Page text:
* which case other postal stationery must have been produced. There are sufficient
small differences between this overprint and those on the stamps for this to be
a forgery from a different source (forgery of a fictitious stamp I See Fig. 2).


I-------------- .-- ~-- -~

dX--c V^T'''- *'
\ty S>s.y

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Fig. 1.
y" ..

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ho. 1a .,a 1woPh icy sep1u umV rm en Go.e.4
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Fig. 2.

To me, the cancellations are the most damning aspect of this issue. The absence
of a serial letter on the Verkholensk cancellation is of note. Postmarkers of
this period without serials are known, but they are an exception to the general
rule. The Chita cancellation has eight-pointed stars and a central letter, again
possible but an exception to the general rule. Thick bars are known on quite a
few cancellations, but they are not too common and we have two on the same
envelope, one without a serial and the other with a central serial. To complete
my doubts, one of my used copies is cancelled "CHITA -e- 15.2.21", with no sign
of a Verkholensk cancel. The Chita cancel is a full strike, so this is unlikely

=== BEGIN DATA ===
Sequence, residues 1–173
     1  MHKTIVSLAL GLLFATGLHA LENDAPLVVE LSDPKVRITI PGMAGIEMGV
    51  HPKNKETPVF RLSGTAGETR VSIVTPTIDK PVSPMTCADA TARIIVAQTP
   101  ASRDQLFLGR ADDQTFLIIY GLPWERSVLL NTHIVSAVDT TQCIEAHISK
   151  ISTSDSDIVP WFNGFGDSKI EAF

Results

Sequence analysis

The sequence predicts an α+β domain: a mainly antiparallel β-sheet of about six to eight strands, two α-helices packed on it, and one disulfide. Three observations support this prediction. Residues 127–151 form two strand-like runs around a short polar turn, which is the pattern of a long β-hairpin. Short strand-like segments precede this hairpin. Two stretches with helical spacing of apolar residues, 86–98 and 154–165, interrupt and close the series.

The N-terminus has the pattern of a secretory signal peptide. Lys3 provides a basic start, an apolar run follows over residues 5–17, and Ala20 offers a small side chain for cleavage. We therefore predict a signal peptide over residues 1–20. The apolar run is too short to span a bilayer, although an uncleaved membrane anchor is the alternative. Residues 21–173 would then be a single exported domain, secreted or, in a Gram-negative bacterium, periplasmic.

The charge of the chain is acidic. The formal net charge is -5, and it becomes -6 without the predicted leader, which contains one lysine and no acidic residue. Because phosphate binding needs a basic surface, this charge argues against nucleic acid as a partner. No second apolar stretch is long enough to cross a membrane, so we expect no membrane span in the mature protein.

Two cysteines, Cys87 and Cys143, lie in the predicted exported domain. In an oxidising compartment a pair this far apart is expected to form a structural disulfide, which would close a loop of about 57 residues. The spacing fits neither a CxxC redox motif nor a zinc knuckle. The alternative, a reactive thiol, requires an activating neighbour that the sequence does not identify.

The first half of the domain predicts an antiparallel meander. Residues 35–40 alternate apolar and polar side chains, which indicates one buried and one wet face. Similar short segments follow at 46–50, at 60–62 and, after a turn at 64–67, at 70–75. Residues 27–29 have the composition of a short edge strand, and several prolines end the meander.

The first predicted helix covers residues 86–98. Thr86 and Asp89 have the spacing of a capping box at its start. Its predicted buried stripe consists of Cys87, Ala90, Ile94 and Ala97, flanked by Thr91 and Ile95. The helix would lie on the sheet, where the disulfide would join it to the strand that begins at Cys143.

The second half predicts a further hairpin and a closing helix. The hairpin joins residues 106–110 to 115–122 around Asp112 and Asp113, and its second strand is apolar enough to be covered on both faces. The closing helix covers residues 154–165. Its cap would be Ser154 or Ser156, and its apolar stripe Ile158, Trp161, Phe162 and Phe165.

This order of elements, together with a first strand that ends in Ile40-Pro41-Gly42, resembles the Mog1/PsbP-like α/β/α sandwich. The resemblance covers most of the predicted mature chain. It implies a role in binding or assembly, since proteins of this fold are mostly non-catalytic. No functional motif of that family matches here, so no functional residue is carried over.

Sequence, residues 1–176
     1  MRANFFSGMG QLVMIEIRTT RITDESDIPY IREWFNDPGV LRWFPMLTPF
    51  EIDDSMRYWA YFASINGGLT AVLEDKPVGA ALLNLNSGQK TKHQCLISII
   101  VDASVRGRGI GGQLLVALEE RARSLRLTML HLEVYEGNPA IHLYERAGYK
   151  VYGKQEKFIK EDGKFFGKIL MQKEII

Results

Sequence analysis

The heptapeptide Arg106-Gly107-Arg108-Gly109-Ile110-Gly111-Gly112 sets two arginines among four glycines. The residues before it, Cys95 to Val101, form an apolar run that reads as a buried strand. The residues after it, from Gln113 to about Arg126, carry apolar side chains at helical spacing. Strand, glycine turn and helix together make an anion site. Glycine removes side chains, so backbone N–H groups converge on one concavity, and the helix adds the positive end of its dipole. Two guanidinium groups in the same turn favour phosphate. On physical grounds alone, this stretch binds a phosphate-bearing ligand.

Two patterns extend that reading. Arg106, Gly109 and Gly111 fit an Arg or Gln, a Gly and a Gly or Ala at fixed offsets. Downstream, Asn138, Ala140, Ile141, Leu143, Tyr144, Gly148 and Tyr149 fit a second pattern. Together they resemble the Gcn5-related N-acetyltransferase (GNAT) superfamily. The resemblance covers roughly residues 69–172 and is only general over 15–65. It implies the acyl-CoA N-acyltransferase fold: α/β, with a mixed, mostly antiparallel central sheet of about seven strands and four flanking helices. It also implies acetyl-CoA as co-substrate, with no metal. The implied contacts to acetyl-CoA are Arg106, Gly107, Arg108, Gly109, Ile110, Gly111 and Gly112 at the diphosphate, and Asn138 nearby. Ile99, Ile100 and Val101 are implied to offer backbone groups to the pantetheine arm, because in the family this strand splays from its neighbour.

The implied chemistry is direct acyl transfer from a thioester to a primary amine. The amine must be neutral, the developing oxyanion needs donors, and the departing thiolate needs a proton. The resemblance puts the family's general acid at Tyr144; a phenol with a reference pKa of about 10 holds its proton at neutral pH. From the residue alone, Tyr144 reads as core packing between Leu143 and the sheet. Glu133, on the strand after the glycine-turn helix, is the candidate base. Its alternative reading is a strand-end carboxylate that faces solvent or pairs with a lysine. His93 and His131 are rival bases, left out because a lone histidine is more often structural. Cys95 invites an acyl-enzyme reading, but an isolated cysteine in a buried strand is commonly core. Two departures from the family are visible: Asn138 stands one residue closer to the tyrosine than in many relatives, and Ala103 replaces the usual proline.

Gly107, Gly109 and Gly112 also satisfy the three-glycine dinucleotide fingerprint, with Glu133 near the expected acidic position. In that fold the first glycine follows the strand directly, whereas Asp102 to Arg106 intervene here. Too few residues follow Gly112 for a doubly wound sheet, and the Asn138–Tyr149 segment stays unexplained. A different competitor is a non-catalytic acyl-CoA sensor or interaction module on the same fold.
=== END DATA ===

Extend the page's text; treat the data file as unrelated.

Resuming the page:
to be a stamp from the flap that "missed" the despatch postmark and collected
the arrival cancellation. Rare cases are known of the receiving clerk cancelling
stamps that had been missed at the despatching office, but these are unusual,
especially during this period. So, this is not only a case of apparently having
been used in Chita, but also used there NINE months earlier. Colour matching of
the postmarks, feasable with computarised equipment, due to the thick bars on
the cancellations of the cover, shows an exact match of shade and intensity of
the grey-black ink used for both the despatch and arrival marks. This is one too
many coincidences for me and so my verdict leans towards a complete fabrication
for the whole issue.
Fr. Huysmans, Sint-Niklaas, Belgium.
Re the article by G. V. Shalimoff in "The Post-Rider", No. 3, on the Pribaikal
Issue, I can muddy the waters even further by showing a 100-rouble banknote,
beautifully printed in the United States for the Provisional Government, but
never placed in circulation. It was put into use by the Provisional Authorities
of the Pribaikal Territory at Verkhne-Udinsk (now Ulan-Ude), with the overprint
of the "Provisional Zemstvo Authority of the Pribaikal Area". Was this really
the inspiration for the overprints on the postage stamps ? Please see Fig. 3.

r - -


- -- ,,I-- L-- ---- -